This past week, while studying for a lab session in histology (the microscopic study of tissues), I stumbled upon one of the greatest names in the history of medicine – a name held by one of the most notable histologists of all time.
Clopton Havers lived an extremely productive 45 years (1657-1702) in England. Born in Stambourne, Essex, and the son of Henry Havers, Rector of Stambourne, he got his MD in Utrecht, Netherlands, in 1685, and returned to London to practice medicine.
Back in those days, precious little was known about the inner workings of tissue – Robert Hooke and his magnificent microscope had only first described the cell in 1665.
Sensing an opportunity to make a major breakthrough, Clopton began researching the micro-structure of bones, and made some pretty significant discoveries. He is best remembered today for his discovery of what would become known as Haversian Canals – a series of tubes around channels in bone, surrounded by “radiating bony bits” (clearly not the technical term, but I’m not here to bore you!) in compact bone regions.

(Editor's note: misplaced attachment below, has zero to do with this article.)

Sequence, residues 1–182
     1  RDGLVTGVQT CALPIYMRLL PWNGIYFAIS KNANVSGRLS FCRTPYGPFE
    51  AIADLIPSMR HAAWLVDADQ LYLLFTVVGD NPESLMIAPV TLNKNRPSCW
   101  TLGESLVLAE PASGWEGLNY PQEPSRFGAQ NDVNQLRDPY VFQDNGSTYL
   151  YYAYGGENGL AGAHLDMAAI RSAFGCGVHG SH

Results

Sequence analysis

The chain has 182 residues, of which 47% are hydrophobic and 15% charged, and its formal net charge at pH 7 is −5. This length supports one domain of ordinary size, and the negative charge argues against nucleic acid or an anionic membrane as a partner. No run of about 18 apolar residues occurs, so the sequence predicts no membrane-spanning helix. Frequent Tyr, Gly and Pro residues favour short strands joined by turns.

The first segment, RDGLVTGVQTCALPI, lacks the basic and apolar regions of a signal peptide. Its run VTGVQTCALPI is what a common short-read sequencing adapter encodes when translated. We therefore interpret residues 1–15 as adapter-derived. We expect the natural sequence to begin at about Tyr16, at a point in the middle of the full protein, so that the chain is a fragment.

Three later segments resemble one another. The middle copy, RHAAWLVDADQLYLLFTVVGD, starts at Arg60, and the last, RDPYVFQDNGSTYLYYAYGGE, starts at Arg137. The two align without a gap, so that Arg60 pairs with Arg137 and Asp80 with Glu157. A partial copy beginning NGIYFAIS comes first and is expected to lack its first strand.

These are significant enough that medical students, histologists, and pathologists are still learning about Clopton’s “Haversian Canals” today. Talk about making an impact!
He’s also known for making the first description of collagen fibers that connect bone to “periosteum” (basically “bone shrink wrap”), that came to be known as Sharpey’s Fibers, after a Scottish anatomist named William Sharpey described them a few hundred years later.
We shall never know if Clopton Havers’ unusual but splendid name is what led him to greatness, but we will forever appreciate his significant contributions to science, and the countless hours he spent poring into a microscope when everyone else was out having a good time eating scones and wearing knickerbockers. Thank you Clopton!